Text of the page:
Benjamin Wolfe at the July 25 District of Hope council meeting.

VIDEO: Council denies man with sex offence record a business licence

Benjamin Wolfe wanted to start an entertainment and tour guiding business.

Benjamin Wolfe will not get his business licence, District of Hope council decided in-camera.

Council outlined three reasons for the denial in a letter to Wolfe.

First, it stated that his sex offence placed him on the British Columbia Registered Sex Offenders List and he only finished his probation in June.

Wolfe had sex with an underage, 17-year-old prostitute in 2013.

Secondly, it said there will be “considerable public apprehension for public safety,” particularly since his businesses will put him in contact with minors.

Lastly, council noted his “aggressive” demeanour during his presentation and “unprofessional business documents.”

“You would not be acceptable as an ambassador of Hope to incoming tourists,” said the letter.

Wolfe presented to council as a delegation at the July 25 meeting, asking for approval for a licence to start two businesses. One would involve tour guiding and the other being a music entertainment business.

Mayor Wilfried Vicktor noted that Wolfe has been given an opportunity to present his case in an in-camera meeting, but he said Wolfe wants it done in a public setting.

His tour guiding business would take tourists from tour buses around town for $5.

“I saw three tour buses the other day. Nobody to greet them. Nobody to tell them where to go,” said Wolfe. “Merchants are basically being denied business because nobody is there to greet them. It is absolute insanity.”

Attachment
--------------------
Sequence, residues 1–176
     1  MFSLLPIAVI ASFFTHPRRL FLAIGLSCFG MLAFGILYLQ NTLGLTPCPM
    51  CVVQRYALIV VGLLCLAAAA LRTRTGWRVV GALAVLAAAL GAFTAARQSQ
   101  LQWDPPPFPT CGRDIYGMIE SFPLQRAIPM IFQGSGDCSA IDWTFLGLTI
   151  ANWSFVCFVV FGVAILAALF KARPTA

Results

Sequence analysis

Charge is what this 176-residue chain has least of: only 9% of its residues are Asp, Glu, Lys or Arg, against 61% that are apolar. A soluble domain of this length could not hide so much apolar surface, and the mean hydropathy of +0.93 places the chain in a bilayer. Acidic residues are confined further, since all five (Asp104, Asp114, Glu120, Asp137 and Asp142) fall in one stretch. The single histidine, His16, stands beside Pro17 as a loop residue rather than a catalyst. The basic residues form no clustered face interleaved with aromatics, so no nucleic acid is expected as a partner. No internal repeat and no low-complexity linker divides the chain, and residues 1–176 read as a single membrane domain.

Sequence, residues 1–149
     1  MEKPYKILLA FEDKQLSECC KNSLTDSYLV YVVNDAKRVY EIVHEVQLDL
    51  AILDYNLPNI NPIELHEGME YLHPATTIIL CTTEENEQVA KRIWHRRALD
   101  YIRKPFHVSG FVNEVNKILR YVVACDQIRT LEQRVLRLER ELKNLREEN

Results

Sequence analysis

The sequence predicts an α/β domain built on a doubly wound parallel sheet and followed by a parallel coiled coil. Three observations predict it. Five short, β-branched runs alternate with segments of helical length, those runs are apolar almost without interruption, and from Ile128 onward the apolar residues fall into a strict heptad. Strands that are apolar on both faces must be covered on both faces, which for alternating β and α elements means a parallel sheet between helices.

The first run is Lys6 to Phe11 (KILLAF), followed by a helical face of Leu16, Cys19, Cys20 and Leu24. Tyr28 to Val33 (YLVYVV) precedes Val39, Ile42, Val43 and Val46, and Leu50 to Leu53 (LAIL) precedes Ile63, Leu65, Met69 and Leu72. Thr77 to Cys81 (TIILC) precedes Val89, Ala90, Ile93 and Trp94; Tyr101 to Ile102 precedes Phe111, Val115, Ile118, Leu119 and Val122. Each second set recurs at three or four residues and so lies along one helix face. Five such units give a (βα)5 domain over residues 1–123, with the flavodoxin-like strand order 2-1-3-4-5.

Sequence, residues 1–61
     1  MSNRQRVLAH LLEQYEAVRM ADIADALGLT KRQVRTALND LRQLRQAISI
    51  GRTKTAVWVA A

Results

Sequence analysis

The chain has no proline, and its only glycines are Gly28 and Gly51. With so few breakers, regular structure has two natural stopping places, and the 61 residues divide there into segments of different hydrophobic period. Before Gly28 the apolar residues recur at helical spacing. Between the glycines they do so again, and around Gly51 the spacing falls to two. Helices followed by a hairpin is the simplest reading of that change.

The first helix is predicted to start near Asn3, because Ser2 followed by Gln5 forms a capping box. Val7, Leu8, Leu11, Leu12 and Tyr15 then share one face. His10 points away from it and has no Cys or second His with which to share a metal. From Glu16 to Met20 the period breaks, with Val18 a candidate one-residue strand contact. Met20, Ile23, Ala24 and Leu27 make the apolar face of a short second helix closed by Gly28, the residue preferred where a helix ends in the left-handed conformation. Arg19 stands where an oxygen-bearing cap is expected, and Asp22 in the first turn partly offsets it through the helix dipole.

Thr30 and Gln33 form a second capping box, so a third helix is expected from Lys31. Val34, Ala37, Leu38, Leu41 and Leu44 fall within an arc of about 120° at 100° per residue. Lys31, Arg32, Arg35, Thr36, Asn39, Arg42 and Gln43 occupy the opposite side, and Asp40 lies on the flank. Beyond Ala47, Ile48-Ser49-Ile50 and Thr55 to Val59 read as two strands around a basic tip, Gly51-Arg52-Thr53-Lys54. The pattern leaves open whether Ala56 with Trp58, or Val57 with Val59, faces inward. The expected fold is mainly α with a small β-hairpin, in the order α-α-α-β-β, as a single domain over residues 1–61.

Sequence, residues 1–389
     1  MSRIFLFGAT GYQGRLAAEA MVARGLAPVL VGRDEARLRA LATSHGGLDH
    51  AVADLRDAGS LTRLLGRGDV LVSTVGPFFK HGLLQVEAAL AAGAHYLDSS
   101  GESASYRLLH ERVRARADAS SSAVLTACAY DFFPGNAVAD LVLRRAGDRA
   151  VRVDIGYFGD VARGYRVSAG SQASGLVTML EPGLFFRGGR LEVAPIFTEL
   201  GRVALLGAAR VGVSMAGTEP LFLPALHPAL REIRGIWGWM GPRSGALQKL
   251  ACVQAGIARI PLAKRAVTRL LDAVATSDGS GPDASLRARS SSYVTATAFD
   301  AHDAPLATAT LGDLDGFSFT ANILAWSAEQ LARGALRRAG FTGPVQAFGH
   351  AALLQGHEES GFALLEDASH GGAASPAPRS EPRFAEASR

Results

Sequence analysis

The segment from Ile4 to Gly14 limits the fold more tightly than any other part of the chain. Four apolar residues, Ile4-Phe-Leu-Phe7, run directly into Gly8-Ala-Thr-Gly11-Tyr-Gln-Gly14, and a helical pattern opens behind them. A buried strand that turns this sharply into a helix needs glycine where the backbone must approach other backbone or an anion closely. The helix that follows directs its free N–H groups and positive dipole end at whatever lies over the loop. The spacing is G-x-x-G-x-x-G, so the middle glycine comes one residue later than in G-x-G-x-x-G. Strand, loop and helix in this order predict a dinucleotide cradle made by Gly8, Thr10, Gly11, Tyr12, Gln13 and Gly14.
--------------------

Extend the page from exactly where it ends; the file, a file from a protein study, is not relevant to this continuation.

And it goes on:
He also wants to start a Las Vegas-style cabaret with the latest karaoke and music equipment, stating that the two empty rooms above the recreation centre could host them.

“I consider myself to be somewhat of a Michael Jackson dancer — a very upbeat, boisterous, enthusiastic, karaoke singer,” said Wolfe.

After his presentation, Mayor Vicktor probed into Wolfe’s criminal record, engendering a boisterous and enthusiastic response.

“You have been engaging in services of an underaged prostitute,” said Vicktor to Wolfe.

Wolfe emphasized that the prostitute was 17-years-old.

“I don’t want the public to think that it is a very young person. She was 17-years-old, the legal age is 18,” said Wolfe. “I have had a clean record for five years, I have no contact with the police. I am a legitimate citizen.

“I made one mistake, Mr. Mayor, and I paid the penalty. But I was told she was of legal age.”

Read the full article in this week’s Standard.

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